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Not Using Terminals, Part 2


In Part 1, we covered how terminals are not an entirely necessary part of an enjoyable computing experience. On the contrary, there are pretty good alternatives, especially if you are using Emacs.

We did not get especially far though. We did poke around in various directories and ran commands on files; this would be still pretty inconvenient though while e.g. iterating on a software project.

Compilation Mode

When writing code, one typically has two ways of compiling and running the code. One of them is some fancy IDE button with a green play triangle on it, which when pressed, compiles and runs the project in some predefined configuration. Usually, there are elaborate dialog boxes, with many fields specifying whether this is a debug configuration or a production one, or which command-line arguments to give to the freshly compiled program.

Sometimes this doesn't quite work. Maybe the project is too complex and the build system is too weird to fit into our IDE. Or what if all you want is to run a single Python file? Not worth the effort setting up all these tools for.

In these cases, people typically just revert to the standard tool: terminals. Namely, cd to the directory where the project files are, type a command, and keep pressing up arrow and Enter, combined by sifting through error messages by hand.

Of course, there are better alternatives.

Namely, Emacs has "compilation mode". It works similarly to running command line commands that we already discussed in part 1: you just run M-x compile (... or just C-x G or some other key combo), getting you a question about what command you want to run... then runs it, with the output going to a buffer. This is, so far, pretty similar to running commands asynchronously.

This being Emacs though, there's formatting and key bindings that make all of this a lot more interesting.

For example, let's say we have a Python script that we want to write, and try out occasionally in the process. We can just type the command that runs it; no need to cd anywhere since the current directory of the buffer we are editing is its location already.

a python script with a command being typed in at the bottom

We just hit Enter; we can see your results immediately.

an emacs frame with a Python script on top and compilation results on the bottom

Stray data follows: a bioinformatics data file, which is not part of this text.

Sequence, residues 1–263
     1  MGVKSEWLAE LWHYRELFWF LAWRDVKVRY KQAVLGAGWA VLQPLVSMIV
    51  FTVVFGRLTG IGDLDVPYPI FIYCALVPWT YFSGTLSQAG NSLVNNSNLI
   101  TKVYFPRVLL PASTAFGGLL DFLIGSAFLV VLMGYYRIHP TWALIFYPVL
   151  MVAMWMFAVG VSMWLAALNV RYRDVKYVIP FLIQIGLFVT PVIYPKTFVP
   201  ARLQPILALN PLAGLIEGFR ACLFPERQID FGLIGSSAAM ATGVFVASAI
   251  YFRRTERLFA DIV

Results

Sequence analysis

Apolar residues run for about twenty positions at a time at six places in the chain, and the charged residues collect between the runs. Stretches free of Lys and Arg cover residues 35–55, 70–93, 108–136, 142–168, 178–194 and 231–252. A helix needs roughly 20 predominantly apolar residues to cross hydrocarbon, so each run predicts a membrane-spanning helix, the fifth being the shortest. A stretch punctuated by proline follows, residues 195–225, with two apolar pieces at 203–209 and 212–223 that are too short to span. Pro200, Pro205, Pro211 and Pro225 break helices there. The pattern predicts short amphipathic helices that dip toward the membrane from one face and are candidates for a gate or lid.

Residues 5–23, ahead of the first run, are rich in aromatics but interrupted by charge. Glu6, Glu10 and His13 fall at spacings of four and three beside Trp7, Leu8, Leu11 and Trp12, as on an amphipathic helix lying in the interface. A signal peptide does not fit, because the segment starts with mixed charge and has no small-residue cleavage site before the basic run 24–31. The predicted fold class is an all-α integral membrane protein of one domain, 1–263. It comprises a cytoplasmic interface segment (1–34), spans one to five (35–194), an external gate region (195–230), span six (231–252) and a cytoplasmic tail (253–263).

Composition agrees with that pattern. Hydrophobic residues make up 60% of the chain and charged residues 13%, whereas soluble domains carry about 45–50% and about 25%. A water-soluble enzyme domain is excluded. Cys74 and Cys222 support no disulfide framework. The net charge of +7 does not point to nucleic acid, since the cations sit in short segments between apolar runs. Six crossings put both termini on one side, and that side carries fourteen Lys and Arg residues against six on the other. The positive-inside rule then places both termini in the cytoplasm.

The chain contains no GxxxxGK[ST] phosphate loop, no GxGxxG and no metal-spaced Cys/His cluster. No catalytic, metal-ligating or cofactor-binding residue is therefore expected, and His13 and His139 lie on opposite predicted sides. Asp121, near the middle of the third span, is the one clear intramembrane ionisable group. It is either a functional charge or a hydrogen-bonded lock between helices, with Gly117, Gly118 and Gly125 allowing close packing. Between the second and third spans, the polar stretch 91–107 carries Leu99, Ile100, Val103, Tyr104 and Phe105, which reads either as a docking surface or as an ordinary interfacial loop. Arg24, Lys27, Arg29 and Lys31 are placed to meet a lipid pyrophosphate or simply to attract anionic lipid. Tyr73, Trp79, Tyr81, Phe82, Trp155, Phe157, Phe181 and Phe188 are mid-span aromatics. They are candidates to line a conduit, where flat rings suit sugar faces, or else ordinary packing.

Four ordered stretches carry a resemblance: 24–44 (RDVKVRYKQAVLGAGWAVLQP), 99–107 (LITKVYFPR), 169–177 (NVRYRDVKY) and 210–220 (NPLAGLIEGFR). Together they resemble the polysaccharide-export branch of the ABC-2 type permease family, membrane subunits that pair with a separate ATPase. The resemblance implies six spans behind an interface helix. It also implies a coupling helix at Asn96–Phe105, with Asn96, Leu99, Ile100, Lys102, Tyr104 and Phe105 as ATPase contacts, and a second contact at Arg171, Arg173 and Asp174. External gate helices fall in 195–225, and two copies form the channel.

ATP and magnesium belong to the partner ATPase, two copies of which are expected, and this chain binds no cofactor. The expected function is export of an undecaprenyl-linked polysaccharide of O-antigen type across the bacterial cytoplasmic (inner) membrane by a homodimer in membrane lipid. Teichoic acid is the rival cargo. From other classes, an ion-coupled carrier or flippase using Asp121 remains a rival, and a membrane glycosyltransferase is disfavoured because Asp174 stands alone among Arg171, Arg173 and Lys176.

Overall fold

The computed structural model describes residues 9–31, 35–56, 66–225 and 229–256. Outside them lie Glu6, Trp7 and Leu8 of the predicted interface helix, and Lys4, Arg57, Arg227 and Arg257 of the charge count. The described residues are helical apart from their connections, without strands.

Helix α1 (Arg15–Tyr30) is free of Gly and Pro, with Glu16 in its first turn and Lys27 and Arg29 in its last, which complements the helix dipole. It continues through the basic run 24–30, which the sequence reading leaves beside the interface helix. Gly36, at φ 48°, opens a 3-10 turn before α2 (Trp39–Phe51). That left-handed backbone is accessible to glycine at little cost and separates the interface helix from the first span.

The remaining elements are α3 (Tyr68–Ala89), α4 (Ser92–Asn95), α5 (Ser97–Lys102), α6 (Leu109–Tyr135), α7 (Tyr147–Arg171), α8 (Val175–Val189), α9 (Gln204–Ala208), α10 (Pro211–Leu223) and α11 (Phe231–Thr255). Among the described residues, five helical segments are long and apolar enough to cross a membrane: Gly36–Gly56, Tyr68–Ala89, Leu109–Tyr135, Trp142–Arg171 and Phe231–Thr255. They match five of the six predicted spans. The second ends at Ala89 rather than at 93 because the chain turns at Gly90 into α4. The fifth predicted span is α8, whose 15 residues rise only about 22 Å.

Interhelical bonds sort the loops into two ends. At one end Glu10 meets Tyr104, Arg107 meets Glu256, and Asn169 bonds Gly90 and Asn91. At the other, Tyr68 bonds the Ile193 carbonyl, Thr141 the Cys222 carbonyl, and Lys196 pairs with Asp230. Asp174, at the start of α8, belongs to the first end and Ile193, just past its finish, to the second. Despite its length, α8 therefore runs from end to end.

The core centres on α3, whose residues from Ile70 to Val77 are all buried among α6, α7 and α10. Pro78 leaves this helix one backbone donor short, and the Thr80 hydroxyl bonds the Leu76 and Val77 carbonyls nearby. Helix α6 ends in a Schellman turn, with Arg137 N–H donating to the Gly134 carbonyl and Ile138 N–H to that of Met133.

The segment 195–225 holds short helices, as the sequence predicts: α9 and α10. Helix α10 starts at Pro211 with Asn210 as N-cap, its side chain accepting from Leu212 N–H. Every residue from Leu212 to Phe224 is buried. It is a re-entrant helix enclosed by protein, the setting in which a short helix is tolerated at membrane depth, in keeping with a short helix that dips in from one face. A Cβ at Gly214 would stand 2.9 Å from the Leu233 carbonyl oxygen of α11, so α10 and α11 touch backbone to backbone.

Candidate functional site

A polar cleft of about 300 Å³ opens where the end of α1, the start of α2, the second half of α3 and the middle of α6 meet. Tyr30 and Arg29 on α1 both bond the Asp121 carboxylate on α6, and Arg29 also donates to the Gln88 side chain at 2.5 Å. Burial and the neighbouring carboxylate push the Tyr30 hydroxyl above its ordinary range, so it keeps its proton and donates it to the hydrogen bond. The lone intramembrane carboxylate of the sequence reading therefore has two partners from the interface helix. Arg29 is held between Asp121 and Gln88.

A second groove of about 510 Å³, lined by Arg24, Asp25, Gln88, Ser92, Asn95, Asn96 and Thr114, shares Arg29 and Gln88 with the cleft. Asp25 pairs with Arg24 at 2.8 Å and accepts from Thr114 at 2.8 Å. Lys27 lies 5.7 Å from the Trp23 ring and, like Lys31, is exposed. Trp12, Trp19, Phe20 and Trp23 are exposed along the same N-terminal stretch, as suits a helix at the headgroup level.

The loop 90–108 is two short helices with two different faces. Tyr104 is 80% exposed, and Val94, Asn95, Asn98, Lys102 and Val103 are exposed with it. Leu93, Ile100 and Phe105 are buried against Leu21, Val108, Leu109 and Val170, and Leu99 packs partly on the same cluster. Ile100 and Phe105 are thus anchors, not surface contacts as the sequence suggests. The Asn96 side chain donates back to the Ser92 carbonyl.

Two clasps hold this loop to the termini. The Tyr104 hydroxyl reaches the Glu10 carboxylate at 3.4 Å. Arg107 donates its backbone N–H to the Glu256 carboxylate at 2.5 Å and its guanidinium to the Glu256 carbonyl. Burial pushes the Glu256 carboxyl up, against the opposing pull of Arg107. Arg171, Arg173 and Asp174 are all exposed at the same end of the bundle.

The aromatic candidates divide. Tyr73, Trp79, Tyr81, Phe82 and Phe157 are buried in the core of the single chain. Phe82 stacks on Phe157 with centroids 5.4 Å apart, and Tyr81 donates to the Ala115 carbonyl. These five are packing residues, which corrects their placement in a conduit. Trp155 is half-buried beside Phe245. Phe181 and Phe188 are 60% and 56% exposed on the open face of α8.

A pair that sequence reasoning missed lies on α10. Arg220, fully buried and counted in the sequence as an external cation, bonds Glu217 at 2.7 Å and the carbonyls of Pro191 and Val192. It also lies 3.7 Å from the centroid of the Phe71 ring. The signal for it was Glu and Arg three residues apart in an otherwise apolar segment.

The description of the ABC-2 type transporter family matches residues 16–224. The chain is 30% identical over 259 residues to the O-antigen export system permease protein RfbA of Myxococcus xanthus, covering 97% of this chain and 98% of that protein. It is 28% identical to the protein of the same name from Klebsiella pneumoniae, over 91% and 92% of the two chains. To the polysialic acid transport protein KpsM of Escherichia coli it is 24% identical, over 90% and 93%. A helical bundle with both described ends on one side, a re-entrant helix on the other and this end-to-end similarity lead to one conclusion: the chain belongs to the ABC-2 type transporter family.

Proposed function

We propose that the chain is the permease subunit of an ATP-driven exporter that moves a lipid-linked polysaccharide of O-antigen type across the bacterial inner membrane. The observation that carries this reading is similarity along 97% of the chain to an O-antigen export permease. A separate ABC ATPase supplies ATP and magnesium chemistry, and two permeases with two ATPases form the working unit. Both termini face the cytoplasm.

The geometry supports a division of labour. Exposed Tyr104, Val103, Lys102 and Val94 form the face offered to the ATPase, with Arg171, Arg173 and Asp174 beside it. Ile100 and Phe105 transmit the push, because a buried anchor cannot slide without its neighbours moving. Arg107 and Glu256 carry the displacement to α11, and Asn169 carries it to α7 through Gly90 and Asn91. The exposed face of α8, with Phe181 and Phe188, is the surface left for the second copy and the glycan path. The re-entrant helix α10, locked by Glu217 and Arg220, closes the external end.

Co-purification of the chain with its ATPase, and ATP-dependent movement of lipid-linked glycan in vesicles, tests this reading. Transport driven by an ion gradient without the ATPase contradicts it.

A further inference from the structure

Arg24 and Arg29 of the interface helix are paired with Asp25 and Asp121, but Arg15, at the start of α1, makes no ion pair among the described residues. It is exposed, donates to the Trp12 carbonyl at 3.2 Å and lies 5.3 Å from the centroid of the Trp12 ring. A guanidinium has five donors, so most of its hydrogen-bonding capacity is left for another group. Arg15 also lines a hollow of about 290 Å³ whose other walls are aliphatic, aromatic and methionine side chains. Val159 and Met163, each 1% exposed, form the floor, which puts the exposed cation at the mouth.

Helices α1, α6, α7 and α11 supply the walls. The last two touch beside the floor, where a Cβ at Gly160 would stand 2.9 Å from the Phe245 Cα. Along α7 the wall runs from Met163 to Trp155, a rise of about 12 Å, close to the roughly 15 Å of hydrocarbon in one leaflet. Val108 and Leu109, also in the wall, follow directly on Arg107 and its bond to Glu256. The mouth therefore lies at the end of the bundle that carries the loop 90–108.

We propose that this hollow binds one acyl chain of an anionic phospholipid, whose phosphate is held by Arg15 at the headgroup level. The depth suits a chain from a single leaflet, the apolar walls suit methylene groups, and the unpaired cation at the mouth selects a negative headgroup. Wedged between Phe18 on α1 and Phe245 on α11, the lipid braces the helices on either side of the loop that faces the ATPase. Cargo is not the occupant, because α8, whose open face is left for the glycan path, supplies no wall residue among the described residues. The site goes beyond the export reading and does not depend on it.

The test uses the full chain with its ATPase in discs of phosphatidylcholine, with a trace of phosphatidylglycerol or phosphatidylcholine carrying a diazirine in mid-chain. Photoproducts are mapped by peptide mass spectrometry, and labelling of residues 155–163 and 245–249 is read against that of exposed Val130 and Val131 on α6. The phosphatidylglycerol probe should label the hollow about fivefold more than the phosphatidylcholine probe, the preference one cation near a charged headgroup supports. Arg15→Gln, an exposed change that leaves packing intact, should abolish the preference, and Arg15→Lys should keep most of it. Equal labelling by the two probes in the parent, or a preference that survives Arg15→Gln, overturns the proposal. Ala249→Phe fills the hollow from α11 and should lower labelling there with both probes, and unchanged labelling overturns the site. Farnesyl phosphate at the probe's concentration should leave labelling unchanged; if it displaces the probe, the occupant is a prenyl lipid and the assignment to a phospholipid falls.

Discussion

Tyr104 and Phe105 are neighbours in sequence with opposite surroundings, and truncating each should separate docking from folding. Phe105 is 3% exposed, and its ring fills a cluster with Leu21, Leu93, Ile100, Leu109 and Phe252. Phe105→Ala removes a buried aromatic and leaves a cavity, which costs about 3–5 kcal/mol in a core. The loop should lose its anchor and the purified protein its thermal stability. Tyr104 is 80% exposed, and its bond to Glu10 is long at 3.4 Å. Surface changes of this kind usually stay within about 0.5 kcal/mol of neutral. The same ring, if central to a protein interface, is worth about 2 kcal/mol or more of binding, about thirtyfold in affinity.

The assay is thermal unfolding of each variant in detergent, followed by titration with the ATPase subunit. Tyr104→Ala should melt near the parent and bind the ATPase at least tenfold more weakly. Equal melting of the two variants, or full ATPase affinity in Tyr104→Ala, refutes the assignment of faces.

You can jump on the line the error came from, just by clicking on it; just the way you would expect from a "proper" IDE.

The nice thing about this though is that it needs very little setup and it works on almost everything... for example, shell scripts.

The same setup except for the shell script.

You do not have to retype the command either. The next time you want to rerun your script or recompile your program you can just hit "g" in the compilation buffer.

the same as above except this time the compilation succeeded

Remote hosts

There is something mildly weird about the above screenshots. How exactly, after all, are we running bash scripts on Windows?

The thing is... we are not.

Emacs has functionality to pretend that remote buffers are local ones. It can operate via SSH, and it's pretty transparent. For example, if you open a file that looks like this:


You get a directory browser in that directory on the remote host. Better yet, any command you run in this buffer will be executed remotely too.

E.g. here are the results from uname -a:

a directory open on a remote host with uname -a results on the bottom

Which is exactly how compilation mode worked in the above examples.

(More than halfway?)

We still haven't gotten around the part about shell scripts... Nevertheless, we do have some more conclusions to draw in the meantime:

Emacs is not particularly better than other editors in especially many features. It is, however, really good at combining these things! Which then results in something really powerful.